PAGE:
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Supermarket charging stations plagued by connection issues

Taking a sample of 20 major UK cities, excluding London, and only looking at supermarket sites within a 12 mile radius of the city centre, LeaseLoco found a large number of charging devices were out of order.
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23 January 2023

SHOPPERS hoping to charge their electric cars while doing their weekly grocery shop could be left frustrated, with new research revealing that many supermarket chargers aren’t working.

LeaseLoco used electric vehicle (EV) charging points app Zap-Map to analyse the operational status of chargers located on site at the seven major supermarkets; Aldi, Asda, Lidl, Morrisons, Sainsburys, Tesco and Waitrose.

Taking a sample of 20 major UK cities, excluding London, and only looking at supermarket sites within a 12 mile radius of the city centre, LeaseLoco found a large number of charging devices were out of order.

Across the seven supermarkets, where the charger status was live and available on Zap-Map, more than two-out-of-five (43%) charging devices had connection issues.

Morrisons had the most comprehensive charger status data on Zap-Map and LeaseLoco found only half (50%)of the chargers were working on the dates* in January when the research was conducted.

For example, of the 13 EV chargers on site at the four Morrisons stores within a 12 mile radius of Swansea, Zap-Map status data indicated that 12 were out of order. While only two out of 12 chargers were working at the four Morrisons stores within a 12 mile radius of Portsmouth.

Asda had the highest percentage of working EV chargers at 74%, based on charging stations where there was available status data on Zap-Map.

Although Tesco sites had a lower percentage of working chargers than Morrisons at 49%, this was based on fewer devices, as in many cases online status data wasn’t available for Tesco charging stations, and these chargers couldn’t be considered.

This only adds to the frustration for car owners, as it means it may not be possible to know in advance if particular chargers are working or not, or if they are available to use. For example, across all Aldi stores considered in this research, there was no live status data.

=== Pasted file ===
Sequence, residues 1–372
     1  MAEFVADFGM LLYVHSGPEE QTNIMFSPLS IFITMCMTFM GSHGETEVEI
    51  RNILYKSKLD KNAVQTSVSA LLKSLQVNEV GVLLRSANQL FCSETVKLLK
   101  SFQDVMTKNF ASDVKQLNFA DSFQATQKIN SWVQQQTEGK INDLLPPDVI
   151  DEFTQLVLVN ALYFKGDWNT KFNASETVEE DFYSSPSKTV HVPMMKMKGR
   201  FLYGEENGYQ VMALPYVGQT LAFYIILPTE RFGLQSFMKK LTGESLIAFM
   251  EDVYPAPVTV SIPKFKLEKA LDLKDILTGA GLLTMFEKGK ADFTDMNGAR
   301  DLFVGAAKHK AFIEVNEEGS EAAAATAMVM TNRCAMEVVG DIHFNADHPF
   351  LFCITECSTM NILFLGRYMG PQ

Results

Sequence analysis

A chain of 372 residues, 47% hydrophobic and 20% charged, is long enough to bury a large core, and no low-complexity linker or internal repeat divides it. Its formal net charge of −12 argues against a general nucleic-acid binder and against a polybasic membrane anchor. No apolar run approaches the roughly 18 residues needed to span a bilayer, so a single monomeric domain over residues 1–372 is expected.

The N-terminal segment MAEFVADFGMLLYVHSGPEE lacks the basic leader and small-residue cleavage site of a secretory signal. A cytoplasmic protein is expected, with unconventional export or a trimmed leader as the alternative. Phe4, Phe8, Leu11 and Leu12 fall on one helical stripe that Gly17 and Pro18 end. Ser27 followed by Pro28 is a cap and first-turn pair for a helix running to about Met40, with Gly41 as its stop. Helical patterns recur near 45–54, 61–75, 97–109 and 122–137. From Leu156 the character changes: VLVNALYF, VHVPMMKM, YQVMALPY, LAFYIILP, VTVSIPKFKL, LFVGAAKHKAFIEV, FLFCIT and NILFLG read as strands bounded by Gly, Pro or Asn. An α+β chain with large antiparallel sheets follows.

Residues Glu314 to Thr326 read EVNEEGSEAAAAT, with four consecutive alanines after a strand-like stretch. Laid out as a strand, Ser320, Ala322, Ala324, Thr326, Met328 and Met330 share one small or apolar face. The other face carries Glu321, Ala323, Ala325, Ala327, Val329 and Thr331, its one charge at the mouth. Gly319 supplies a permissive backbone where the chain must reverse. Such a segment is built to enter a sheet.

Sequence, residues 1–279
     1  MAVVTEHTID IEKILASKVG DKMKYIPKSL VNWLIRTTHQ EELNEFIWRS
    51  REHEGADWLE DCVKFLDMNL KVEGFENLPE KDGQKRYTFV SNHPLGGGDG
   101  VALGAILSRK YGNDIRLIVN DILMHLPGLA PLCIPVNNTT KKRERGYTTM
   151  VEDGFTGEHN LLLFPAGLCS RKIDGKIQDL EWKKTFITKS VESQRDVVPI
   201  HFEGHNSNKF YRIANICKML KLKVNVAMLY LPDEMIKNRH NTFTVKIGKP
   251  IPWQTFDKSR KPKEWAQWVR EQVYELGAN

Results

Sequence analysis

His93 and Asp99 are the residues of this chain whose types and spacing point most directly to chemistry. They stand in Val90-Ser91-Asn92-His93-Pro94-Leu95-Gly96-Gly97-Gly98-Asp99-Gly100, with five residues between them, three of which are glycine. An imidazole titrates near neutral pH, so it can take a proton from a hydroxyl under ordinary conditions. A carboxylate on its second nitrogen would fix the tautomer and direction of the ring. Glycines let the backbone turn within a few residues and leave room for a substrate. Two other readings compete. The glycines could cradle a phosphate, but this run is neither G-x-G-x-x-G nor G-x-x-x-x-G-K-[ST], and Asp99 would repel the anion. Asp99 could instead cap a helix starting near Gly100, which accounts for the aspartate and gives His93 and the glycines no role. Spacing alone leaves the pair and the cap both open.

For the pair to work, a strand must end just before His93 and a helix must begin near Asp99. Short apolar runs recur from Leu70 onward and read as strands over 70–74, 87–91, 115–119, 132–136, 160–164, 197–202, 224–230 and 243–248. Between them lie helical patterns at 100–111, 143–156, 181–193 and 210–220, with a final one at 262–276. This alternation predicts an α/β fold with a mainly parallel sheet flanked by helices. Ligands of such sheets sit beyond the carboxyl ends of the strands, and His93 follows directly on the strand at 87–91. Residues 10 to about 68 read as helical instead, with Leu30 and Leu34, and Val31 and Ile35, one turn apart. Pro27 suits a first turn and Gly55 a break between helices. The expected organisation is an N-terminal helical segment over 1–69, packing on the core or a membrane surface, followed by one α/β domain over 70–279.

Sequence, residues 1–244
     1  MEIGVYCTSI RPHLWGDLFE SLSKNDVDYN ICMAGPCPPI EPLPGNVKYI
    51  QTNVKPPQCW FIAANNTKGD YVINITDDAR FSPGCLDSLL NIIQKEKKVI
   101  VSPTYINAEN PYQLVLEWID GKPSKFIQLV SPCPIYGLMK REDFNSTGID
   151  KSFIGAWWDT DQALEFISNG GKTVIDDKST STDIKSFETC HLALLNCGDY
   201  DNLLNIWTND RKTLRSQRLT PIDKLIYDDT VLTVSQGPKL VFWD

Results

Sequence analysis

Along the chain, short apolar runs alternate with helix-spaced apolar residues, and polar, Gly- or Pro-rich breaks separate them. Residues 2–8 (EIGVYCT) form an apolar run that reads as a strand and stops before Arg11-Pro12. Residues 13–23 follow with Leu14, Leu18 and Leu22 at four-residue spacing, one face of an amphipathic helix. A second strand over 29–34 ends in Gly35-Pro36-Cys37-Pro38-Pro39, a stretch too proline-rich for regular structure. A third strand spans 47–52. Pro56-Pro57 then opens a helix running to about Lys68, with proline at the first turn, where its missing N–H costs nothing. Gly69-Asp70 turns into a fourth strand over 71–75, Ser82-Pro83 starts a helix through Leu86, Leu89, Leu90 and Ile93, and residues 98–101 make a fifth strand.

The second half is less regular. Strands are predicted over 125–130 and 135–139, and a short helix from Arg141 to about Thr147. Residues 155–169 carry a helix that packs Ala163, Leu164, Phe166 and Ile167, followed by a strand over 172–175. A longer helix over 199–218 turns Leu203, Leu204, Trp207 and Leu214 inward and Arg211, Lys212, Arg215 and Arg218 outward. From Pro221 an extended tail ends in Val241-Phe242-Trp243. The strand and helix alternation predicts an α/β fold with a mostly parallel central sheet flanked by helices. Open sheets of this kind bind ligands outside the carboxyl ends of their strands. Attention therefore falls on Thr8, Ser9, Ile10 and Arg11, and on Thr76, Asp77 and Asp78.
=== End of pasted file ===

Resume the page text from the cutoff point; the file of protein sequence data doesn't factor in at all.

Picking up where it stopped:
The following table shows the percentage of working EV chargers on site at the seven major supermarket chains, looking at stores in 20 major UK cities and within a 12 mile radius of the centre:

 

Supermarket

% of working EV chargers

Aldi

Not enough data

Asda

74%

Lidl

60%

Morrisons

50%

Sainsbury’s

60%

Tesco

49%

Waitrose

68%

 

John Wilmot, Chief Executive of LeaseLoco, said“Supermarkets are popular locations for charging, with the average person spending almost an hour in a store doing the grocery shopping. But this research shows that pinning your hopes on your local supermarket to top up your car battery could be a frustrating experience.

“It also highlights the challenges of relying on a public charging infrastructure – including charging stations at supermarkets – that is not 100% reliable and where demand outstrips supply.

“Although some car owners will use public chargers infrequently, as they only need their vehicles for short distances and can charge at home, many will need to use the public network to keep their cars on the road.

“As more people switch to electric vehicles, the need for a fit-for-purpose charging infrastructure will intensify. And if we’re to avoid seeing a repeat of the scenes witnessed over Christmas, with drivers queuing for hours to charge their EVs, this has to be a priority.”

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